Dems plan talk-a-thon, GOP pushes effort to void health law

Democrats planned hours of Senate speeches Monday to condemn the Republican push to obliterate President Barack Obama’s health care overhaul, as the chamber’s GOP leader stood by his party’s plans to void the law and replace it later.

With Donald Trump just 12 days from entering the White House, Republicans have positioned a repeal of Obama’s prized health care statute atop their congressional agenda. Democrats are trying to capitalize on the GOP’s lack of replacement legislation, which has unsettled some Republican senators who worry about yanking health coverage from millions of voters without a substitute.

“We cannot allow Republicans to make America sick again by repealing the ACA without a replacement plan,” Senate Minority Leader Chuck Schumer, D-N.Y., said in a statement, using the acronym for Obama’s Affordable Care Act.

Democrats set their talk-a-thon for late Monday as Senate Republicans pushed toward a final vote this week on a budget that would shield a future bill repealing Obama’s law from a Democratic filibuster. Once passed by the Senate and later the House, the budget would prevent Senate Democrats from using those delaying tactics, which take 60 votes to halt in a chamber Republicans control by just 52-48.

The speeches were planned as the GOP-run Congress began a second week in session. Besides work on the budget, lawmakers were focused on confirmation hearings for Trump’s Cabinet

In Tuesday’s initial hearings, committees will examine Sen. Jeff Sessions, R-Ala., Trump’s pick for attorney general, and retired Marine Gen. John Kelly, his choice for homeland security secretary. Seven others were also set for hearings this week.

Also Tuesday, the Senate Intelligence Committee planned a hearing on intelligence agencies’ conclusion that Russia meddled in the U.S. election by hacking and distributing Democratic party emails to help Trump win the White House.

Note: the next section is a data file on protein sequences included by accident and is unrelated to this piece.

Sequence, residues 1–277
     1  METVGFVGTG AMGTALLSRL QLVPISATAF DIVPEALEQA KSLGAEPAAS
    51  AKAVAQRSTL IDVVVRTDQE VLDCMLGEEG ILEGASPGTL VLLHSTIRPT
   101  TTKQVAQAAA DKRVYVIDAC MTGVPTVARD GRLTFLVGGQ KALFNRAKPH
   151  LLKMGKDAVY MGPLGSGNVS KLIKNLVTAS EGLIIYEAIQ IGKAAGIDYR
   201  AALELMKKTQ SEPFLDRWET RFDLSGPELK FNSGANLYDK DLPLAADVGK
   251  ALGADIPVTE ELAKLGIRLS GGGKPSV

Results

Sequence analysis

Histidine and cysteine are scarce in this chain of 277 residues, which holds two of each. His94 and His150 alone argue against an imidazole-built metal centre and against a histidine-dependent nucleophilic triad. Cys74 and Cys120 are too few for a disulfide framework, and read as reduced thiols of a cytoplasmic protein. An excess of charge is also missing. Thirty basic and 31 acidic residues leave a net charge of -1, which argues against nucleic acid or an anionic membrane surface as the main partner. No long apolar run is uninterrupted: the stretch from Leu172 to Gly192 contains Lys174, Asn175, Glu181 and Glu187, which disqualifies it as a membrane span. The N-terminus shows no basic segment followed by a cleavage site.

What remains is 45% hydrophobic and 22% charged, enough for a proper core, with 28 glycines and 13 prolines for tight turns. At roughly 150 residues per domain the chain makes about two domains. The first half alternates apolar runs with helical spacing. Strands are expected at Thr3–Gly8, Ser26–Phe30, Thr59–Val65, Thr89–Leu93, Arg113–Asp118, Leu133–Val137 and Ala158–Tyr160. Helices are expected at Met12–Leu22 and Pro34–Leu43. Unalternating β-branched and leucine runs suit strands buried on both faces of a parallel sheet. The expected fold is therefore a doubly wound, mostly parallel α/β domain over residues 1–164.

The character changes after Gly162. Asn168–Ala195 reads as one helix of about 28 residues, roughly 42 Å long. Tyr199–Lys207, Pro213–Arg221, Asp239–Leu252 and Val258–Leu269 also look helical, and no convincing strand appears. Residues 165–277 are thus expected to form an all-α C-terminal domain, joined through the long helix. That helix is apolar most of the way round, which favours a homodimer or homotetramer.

Among the witnesses will be FBI Director James Comey. It will be his first public appearance before Congress since he announced just before the election that the FBI was studying additional emails connected to Democratic presidential nominee Hillary Clinton, a revelation many Democrats say contributed to her defeat by Trump.

Obama’s health care law required most people not insured by employers to purchase coverage, established exchanges where policies are sold and subsidies for many consumers, and expanded Medicaid coverage for lower-earning people. It’s been accompanied by rising costs for many people and some insurers have fled some markets. Republicans who opposed the law en masse from the start say it has failed.

Several GOP senators have said they’d want to wait on repealing the 2010 health care law until a Republican alternative is ready. Though Trump and GOP leaders have described ideas about revamping the nation’s health care system, Republicans have failed for years to unite behind a bill doing that.

In a column posted Monday on, Senate Majority Leader Mitch McConnell, R-Ky., stood by leaders’ plans.

“Once repeal is passed we will turn to replacement policies that cost less and work better than what we have now,” McConnell wrote. He said Republicans would replace the law “in manageable pieces,” not one huge bill.

McConnell, who met with Trump in New York Monday morning, said on the Senate floor, “There’s no quick fix to undo the damage” from the health care law and called repeal “just a first step.”

He said Sunday on CBS’ ”Face the Nation” that replacement would follow “rapidly” but did not define the timetable.